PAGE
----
Cosmo, There is a terrific post with a photo of a road runner up at Vert
http://vertaustin.blogspot.com/2008/10/im-stalker.html You might like to see her photos.

Gail

Cosmo said...

Les, I've heard that there are coyote out here, but I've never seen (or heard) one. They do seem to prosper from the very same conditions that have decimated the wolf population, even though both are hunted--they seem to be more adaptable.

Hi, Cameron--I have to get down to that zoo. The quail are adorable, and they're tamish (like ducks--they'll come get bread, that kind of thing). I don't know exactly why I prefer coyotes to roadrunners--but roadrunners are MUCH nastier than we imagine them--

Tina--Coyotes are supposed to be shy, but they've become really comfortable on the golf courses. But I should be more careful than I am (we get too comfortable, too . . .)Arizona is GREAT, but like Maine, there are better and worse seasons to be there--DON'T go midsummer!

Rose, have you been to Arizona before? You're going to love it in December (but even then, bring LOTS of moisturizer--I feel like my skin shrinks two sizes the minute I walk off the plane). You're right about coyotes being predators, and I need to be more careful--they are very dangerous to small pets (but we're used to it here with all the hawks and owls).

Cosmo said...

Marnie, they do prey on small animals and so pets--I'd have fits if Ranunculus had to deal with them (though he's as big as a coyote and so less prey than a big chicken who'd get beat up in a fight). I'm more fascinated than in love . . .

Jamie, you're so right, that look made me nervous--I was closer than I should have been, though Sun City has had no reports of coyote run-ins with humans. But I loved the sight of them basking in the sprinklers . . .

Gail, thanks so much for the link to Vert's blog and the roadrunner photo! It's a little hard to get scale, but I'd guess the ones at my mom's house are a little bigger? They're just slightly shorter than the coyote (so, they'd come about knee high if I ever got that close). It's funny that Vert worried about the dog hurting the roadrunner--everything I've seen or heard, it was probably the dog she'd need to worry about!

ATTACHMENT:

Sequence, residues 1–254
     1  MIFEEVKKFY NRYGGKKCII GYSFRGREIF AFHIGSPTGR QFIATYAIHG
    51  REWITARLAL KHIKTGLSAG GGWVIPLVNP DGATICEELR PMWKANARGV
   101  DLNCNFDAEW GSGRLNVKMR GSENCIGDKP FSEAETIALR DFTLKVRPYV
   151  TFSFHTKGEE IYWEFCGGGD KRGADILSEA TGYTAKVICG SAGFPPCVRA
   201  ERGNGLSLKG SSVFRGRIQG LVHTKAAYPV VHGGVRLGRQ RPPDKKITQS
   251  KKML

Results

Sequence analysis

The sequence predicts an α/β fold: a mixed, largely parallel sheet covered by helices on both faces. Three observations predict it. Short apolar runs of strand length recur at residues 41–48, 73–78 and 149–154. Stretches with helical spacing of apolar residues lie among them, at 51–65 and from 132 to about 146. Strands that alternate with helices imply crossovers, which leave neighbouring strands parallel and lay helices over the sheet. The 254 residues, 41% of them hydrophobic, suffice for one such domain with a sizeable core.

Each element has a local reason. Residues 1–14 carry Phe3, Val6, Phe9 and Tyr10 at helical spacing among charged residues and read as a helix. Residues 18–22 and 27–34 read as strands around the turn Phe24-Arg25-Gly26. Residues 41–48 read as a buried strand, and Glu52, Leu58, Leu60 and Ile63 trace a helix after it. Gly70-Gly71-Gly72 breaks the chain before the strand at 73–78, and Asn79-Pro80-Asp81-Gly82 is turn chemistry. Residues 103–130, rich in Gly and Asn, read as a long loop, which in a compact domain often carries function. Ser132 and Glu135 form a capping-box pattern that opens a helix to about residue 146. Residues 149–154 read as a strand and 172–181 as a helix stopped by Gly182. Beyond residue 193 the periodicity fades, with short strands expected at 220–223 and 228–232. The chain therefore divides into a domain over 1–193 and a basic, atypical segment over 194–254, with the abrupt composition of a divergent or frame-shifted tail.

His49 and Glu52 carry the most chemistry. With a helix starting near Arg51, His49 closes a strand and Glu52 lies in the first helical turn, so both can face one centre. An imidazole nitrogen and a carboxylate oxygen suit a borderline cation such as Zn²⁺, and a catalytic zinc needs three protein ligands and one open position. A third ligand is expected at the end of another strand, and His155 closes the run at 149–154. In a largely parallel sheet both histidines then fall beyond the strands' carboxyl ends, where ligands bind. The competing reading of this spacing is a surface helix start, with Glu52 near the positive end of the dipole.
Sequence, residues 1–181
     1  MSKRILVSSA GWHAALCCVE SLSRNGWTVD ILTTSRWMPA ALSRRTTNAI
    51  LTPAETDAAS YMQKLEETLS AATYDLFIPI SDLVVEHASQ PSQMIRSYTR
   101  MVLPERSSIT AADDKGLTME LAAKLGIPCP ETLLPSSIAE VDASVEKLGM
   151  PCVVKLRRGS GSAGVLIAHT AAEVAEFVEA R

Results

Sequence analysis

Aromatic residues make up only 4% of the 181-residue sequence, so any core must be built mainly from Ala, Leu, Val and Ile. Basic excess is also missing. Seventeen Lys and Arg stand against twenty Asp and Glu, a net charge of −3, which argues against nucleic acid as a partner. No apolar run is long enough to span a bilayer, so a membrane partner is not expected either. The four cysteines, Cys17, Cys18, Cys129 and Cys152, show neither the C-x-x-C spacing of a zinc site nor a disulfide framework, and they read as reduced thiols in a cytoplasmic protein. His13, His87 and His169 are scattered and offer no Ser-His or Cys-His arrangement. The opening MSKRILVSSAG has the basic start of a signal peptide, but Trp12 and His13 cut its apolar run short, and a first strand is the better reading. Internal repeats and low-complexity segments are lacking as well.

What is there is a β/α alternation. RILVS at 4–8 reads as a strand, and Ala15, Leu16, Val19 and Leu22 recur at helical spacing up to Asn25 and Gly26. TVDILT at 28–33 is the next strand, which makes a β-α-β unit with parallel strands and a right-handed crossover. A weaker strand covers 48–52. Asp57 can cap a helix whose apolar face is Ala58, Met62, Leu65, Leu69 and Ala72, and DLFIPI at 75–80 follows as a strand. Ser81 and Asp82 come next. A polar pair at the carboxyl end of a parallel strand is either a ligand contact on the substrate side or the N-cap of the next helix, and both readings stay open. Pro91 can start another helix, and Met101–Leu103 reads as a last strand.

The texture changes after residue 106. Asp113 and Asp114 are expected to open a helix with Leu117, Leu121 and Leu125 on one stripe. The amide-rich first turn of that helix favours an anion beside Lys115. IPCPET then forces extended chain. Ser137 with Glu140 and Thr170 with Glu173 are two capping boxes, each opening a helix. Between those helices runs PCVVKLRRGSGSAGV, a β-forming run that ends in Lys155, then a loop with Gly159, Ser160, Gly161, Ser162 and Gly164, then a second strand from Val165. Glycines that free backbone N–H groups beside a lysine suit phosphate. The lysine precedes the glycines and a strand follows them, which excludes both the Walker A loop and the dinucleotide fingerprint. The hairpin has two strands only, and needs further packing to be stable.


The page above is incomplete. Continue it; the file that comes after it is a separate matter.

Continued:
Blackswamp_Girl said...

What a cool post! I can't believe how almost domesticated those coyotes are there... does remind me of my dog, especially the whole needing-the-sprinkler-in-90-degrees part. lol.

But Kelley's turtle was the most fun. It definitely sounds like she's doing the right thing by her, official adoption process or no, so mum's the word here. :)

Layanee said...

That is a great wildlife post. Your pictures are wonderful. I love the one of coyote under the tree. Arizona is another world isn't it? I saw a coyote here last week! Did you golf?

perennialgardener said...

Thanks for sharing photos of wildlife that I don't see in my neck of the woods. I couldn't imagine having Coyotes in my backyard. We lived in Phoenix when I was a kid and I've seen the Roadrunner. Not an impressive bird, nothing like the cartoon. ;)

generic viagra said...

Hi this is an awesome and lovely place, I like the sunny and the hot weather, the animals, plants and leaves in the images are so beautiful. I would like to have some of these turtles.